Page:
Trump won't be Charlie Brown to Kim's Lucy with the football

Trump won't be Charlie Brown to Kim's Lucy with the football
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There’s little reason to be surprised that Donald TrumpDonald John TrumpAl Gore: Trump has had 'less of an impact on environment so far than I feared' Trump claims tapes of him saying the 'n-word' don't exist Trump wanted to require staffers to get permission before writing books: report MORE canceled his anticipated summit with North Korean dictator Kim Jong Un.

While some quarters will criticize Secretary of State Mike PompeoMichael (Mike) Richard PompeoThe Hill's Morning Report — Trump heads to New York to shore-up GOP districts Turkish president: US set deadline to release detained pastor Pompeo discusses new sanctions in call with Russian counterpart MORE and National Security Advisor John Bolton for raising the specter of Libya and the 2011 overthrow of strongman Muammar Gaddafi, the fact is that the administration from the beginning pursued a tactic of combining “maximum pressure” and accommodation.

The White House never wavered in dangling both the stick and the carrot in front of Kim, seeing that approach as the surest way to avoid getting played by the North Koreans like previous U.S. administrations.  

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It may have been more politic to tone down the hardline rhetoric in the weeks leading up to the summit, but it was Pyongyang that reverted to form by demanding that upcoming U.S.-South Korean military exercises be halted, by canceling a high-level inter-Korean summit and by threatening to cancel the meeting with Trump.

 

Above all, as the date neared, Pyongyang made clear that it rejected U.S. demands to fully denuclearize before any U.S. aid is given. The White House steadily hedged its estimations of the summit taking place even before the president pulled the plug after the North Korean government made insulting comments about Vice President Mike PenceMichael (Mike) Richard PenceTop Senate Democrat: Space Force is 'not the way to go' Why you should take Trump’s Space Force seriously Pence condemns 'racism and violence' ahead of Charlottesville anniversary MORE.  

The real problem was the rushed nature of the summit. The lure of an unprecedented first-time meeting between the U.S. president and the North Korean dictator meant that there was a short window in which the two sides could resolve key issues before the leaders sat down together.

After nearly 70 years of hostility, negotiations between Washington and Pyongyang would have been extraordinarily difficult, in any case. At core, however, the two sides needed to agree on the fundamental question of the definition of denuclearization, let alone its timetable and the sequence of U.S. aid, before the two principals met.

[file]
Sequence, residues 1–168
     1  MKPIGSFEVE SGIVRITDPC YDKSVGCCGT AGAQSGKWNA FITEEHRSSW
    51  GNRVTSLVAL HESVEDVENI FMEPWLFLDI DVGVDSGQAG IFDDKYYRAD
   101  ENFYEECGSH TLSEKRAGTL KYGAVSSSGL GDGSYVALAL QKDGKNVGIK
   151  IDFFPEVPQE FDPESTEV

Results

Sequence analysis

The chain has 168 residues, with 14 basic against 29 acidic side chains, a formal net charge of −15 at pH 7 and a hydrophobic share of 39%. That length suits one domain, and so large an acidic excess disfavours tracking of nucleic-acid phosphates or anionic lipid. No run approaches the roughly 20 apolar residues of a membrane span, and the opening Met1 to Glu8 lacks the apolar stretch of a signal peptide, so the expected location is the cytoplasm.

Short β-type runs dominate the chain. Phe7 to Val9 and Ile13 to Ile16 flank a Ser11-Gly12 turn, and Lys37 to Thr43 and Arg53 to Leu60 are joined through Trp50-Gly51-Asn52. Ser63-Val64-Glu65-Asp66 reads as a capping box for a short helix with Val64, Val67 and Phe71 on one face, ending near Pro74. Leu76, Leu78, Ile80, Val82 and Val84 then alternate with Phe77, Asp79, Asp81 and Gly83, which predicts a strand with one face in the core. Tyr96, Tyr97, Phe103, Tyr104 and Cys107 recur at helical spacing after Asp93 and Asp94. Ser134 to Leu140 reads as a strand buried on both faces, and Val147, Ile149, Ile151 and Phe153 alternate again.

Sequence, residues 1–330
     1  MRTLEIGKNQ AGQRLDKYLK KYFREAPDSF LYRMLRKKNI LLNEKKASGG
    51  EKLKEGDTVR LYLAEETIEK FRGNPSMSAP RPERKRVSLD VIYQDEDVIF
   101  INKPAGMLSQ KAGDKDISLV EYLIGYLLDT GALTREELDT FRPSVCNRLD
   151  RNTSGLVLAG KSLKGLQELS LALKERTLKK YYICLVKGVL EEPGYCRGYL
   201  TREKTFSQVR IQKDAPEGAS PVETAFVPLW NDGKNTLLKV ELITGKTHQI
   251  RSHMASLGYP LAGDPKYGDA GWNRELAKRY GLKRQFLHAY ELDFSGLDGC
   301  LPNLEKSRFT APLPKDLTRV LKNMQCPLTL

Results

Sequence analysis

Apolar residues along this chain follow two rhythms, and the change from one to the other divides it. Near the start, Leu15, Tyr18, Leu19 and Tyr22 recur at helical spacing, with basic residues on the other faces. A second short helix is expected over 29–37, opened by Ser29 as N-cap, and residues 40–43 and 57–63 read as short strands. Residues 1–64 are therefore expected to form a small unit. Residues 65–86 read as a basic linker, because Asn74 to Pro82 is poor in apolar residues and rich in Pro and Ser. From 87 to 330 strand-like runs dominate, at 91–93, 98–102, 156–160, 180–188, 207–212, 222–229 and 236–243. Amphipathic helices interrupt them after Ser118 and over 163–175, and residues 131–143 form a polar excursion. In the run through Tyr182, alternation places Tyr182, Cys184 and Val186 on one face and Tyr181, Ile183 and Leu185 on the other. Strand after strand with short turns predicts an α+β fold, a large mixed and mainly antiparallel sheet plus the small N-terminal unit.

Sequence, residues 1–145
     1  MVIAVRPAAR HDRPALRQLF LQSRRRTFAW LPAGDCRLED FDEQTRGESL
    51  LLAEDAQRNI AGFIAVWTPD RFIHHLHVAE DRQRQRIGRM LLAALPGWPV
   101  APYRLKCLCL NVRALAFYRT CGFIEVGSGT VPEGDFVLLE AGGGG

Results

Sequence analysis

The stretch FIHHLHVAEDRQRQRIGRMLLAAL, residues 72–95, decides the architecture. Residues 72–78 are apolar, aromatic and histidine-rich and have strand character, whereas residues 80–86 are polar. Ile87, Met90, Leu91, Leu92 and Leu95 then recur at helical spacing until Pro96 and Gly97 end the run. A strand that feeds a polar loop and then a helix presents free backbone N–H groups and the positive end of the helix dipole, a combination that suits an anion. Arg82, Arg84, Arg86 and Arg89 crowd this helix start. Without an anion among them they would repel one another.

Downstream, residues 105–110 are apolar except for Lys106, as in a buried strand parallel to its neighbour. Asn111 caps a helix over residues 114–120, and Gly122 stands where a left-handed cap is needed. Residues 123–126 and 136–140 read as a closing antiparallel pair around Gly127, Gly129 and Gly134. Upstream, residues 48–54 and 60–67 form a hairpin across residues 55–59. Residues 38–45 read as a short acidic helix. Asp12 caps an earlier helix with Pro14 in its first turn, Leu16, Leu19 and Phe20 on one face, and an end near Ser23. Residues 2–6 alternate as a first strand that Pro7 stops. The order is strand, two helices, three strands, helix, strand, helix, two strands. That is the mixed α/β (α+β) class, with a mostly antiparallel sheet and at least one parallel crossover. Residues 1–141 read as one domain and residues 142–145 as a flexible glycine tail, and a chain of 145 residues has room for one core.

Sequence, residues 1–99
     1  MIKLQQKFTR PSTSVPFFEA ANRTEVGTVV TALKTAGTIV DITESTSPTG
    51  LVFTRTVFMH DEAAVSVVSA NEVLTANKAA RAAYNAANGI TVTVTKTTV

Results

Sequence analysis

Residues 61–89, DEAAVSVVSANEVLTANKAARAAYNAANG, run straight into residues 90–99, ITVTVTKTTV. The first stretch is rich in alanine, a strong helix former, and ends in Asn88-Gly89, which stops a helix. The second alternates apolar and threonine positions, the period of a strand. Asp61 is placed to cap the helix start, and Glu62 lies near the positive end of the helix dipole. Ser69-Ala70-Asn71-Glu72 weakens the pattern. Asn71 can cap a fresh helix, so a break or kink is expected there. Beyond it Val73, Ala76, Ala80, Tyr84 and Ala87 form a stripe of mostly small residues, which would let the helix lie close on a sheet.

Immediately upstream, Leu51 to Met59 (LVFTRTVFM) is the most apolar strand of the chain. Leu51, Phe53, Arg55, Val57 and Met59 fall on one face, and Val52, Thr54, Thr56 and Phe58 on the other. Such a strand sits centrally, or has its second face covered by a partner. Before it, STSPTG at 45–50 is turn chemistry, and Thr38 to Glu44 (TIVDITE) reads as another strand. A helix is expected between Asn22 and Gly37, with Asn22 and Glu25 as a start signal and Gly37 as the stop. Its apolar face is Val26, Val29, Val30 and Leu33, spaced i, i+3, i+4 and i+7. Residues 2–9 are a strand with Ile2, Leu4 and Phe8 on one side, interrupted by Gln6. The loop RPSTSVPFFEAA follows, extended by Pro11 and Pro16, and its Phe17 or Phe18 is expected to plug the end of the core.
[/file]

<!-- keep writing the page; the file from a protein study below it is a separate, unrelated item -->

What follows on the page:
Though the events of the past several months seemed to symbolize an epochal breakthrough in U.S.-North Korean relations, the reality is that all this was potentially just the beginning of a process of true engagement.

Decades of enmity have shaped the relationship between Washington and Pyongyang, and there are no wells of trust to draw on to smooth over differences.

Trump was right in postponing the summit in the face of North Korean threats and insults. By going ahead despite escalating demands from Pyongyang, not to mention personal insults, Trump would have seemed too eager for a meeting at any price, making the mistake of previous administrations, which kept negotiating even in the face of North Korean belligerence.

Instead, Trump held open the prospect of a successful meeting, while making clear that the U.S. pressure campaign remained in force. Pyongyang has become used to U.S. presidents who back down before their demands.

The cancellation not only sends a message that this president won’t play Charlie Brown to Kim’s Lucy with the football, it leaves Kim looking like the party responsible for the breakdown. 

The next steps are murky for now. Trump’s letter to Kim made clear his continuing desire to hold the meeting, but only if Kim drops the attitude. Even if Kim does so, however, the two governments remain far apart on the key issue of denuclearization and aid.

Serious talks should hammer out those details before Trump proposes another meeting, assuming that Pyongyang stops issuing threats and insults. But like should be met for like, and Washington doesn’t need to remind Kim anymore that a Gaddafi-like fate could await him if he doesn’t make a deal.  

In the meantime, though, the White House needs to guard against further North Korean provocation, including aggressive actions, which could easily come in the wake of the cancellation. That means working even more closely with South Korea, who will be pushing for the resumption of talks at the earliest moment.

It also means watching out for any deals Beijing might try to push that give more aid to Pyongyang, further emboldening Kim. Though the prospect of a different future still glimmers, Northeast Asia is largely back to where it started from with North Korea.

Michael Auslin is the Williams-Griffis fellow in Contemporary Asia at the Hoover Institution, Stanford University.